You know the drill. It’s one of the great things about the OpenStack Summit. Unlike most other conferences, where organizers single-handedly set the agenda based on what they thinkyou want to hear, the OpenStack Summit agenda is based on what you actually want to hear.
Curious about containers? Intrigued by NFV? Wondering what’s next on the Neutron roadmap? Tell them with your votes. Go to the OpenStack Foundation page and choose the sessions that are most interesting to you.It’s easy, it’s fun, and there is no limit to how many sessions you can vote for.*
But here’s the catch: The Foundation received more than 1,200 talk submissions this time. 1,200!!!
The OpenStack community gathered in Tokyo for the 12th-Liberty release of the OpenStack platform. The Foundation reported over 5,000 attended the conference–50% for the first time. Attendees were from across the globe with 46% from APAC and 38% from North America. Job roles varied and included developers (28%), user/operators (25%), manager/architects (19%), sales/marketing (11%), and CxOs (10%).
OpenStack has entered the post-excitement phase, which may appear slow-moving, but reflects deeper customer engagement and a focus on the operationalization of OpenStack. Hundreds of interesting sessions were presented by community members and recorded for those who could not be there. Check out the OpenStack Foundation Summit site for the full schedule. Common themes included overcoming the complexity of configuring, deploying and maintaining OpenStack; retaining workload flexibility; and various approaches to manageability, scalability and extensibility. Having the Summit in Japan was an opportunity to highlight Asia-based users of OpenStack, including Kirin Brewing, Yahoo Japan, NEC, NTT Resonant, GMO Internet, CyberAgent, and Rakuten.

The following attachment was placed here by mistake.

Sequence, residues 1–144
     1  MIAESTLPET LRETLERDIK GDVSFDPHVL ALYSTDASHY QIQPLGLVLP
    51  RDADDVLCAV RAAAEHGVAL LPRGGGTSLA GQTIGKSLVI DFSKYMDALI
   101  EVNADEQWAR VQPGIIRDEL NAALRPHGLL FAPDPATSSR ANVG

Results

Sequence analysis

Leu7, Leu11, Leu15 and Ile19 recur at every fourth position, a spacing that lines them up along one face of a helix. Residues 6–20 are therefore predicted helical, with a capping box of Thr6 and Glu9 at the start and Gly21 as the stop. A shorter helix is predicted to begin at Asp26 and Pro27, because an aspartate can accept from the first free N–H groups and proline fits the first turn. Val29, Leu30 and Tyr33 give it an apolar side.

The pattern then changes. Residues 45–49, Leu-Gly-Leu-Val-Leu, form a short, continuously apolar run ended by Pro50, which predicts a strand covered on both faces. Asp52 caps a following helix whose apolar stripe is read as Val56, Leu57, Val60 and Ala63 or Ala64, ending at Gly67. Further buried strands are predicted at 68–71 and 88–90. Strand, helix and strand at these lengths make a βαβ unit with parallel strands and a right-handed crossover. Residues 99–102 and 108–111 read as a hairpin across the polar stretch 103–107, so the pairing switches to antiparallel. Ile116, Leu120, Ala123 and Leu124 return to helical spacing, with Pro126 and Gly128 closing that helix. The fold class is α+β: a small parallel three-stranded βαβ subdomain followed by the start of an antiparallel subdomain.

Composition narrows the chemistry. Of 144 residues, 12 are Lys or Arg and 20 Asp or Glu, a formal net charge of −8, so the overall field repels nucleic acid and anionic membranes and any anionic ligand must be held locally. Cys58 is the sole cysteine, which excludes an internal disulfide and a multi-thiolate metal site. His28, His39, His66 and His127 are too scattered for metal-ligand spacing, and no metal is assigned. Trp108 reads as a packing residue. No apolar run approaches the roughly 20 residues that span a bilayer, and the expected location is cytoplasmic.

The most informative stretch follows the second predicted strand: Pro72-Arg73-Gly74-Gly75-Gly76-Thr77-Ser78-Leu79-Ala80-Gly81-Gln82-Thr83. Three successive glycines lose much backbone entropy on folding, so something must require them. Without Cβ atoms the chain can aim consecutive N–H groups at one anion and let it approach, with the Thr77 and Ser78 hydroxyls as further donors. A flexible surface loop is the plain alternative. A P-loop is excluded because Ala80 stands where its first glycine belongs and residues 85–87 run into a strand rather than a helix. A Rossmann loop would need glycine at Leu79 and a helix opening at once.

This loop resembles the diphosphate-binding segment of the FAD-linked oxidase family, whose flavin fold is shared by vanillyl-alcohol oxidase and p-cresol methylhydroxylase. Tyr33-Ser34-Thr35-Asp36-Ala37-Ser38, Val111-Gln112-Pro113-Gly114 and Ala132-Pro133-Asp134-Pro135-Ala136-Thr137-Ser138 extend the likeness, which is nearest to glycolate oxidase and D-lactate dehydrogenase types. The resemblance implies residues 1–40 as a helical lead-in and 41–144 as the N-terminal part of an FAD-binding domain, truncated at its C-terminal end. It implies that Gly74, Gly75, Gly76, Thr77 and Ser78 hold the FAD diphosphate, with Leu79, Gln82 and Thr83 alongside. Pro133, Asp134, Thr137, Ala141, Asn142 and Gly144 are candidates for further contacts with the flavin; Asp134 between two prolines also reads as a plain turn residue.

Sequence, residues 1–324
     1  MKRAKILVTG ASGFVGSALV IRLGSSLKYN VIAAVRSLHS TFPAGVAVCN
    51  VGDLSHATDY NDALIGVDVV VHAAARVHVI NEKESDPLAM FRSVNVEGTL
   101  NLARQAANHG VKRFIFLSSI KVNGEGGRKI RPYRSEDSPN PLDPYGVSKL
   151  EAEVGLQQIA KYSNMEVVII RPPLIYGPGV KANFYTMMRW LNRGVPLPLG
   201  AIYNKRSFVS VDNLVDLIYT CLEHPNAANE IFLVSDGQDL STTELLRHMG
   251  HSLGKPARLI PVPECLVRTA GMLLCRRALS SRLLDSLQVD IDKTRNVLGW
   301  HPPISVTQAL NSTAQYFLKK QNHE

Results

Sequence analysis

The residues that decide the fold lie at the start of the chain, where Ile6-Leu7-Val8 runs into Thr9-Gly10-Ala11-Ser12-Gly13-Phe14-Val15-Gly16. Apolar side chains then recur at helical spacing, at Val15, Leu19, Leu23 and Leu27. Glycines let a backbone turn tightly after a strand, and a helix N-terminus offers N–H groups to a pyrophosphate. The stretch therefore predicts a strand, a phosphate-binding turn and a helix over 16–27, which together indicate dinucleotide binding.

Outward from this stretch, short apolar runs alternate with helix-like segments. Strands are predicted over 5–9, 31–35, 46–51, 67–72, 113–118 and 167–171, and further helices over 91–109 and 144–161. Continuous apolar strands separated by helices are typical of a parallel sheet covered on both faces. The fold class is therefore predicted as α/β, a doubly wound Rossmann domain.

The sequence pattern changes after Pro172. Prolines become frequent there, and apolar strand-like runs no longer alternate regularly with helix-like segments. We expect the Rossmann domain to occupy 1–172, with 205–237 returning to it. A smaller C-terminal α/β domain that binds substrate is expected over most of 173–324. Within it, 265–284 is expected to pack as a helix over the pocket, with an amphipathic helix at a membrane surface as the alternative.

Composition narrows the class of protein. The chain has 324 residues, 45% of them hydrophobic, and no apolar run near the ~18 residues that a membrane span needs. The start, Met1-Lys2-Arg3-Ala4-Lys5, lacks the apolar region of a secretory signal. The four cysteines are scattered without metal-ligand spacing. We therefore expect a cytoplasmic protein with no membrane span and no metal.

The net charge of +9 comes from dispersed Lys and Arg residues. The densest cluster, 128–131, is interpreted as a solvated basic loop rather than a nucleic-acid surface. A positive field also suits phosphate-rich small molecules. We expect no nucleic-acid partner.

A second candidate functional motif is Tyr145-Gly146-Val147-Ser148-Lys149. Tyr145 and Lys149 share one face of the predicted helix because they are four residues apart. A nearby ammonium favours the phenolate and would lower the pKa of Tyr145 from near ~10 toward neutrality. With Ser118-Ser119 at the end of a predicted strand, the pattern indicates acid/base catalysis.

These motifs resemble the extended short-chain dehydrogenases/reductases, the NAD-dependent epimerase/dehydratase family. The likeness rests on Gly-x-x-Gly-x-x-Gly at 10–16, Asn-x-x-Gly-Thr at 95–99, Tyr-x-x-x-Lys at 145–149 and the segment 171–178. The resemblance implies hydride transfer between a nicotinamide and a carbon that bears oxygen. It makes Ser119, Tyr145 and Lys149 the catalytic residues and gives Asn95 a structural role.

Below are links to the strategic and technical sessions presented on Cisco solutions at the Summit.
Integrating Monasca and Ceilometer seemed like a very good idea from the start. It would integrate all the OpenStack resources notifications and metrics as well as provide a unified storage layer for Monitoring and Metering, simplifying deployment at scale as well as opening the door for new solutions that weren’t possible before.
So the team set out to make it real. The implementation was carried on a three months period and all the code, unit tests and load simulator are open-source and available in the official OpenStack repo at: https://github.com/openstack/monasca-ceilometer
There are at least two aspects that made this “marriage” titillating:
Ceilometer substantially collects metrics for all the OpenStack resources that Monasca does not currently collect today.
Ceilometer biggest issue is scalability and performance and that is where Monasca excels.
So, we embarked in this experiment and found a neat way to integrate the two services. The first part was the ingestion. Ceilometer has two main types of agents:
Notification, a.k.a. Push model agent
Central/Compute, a.k.a. Pull model agent.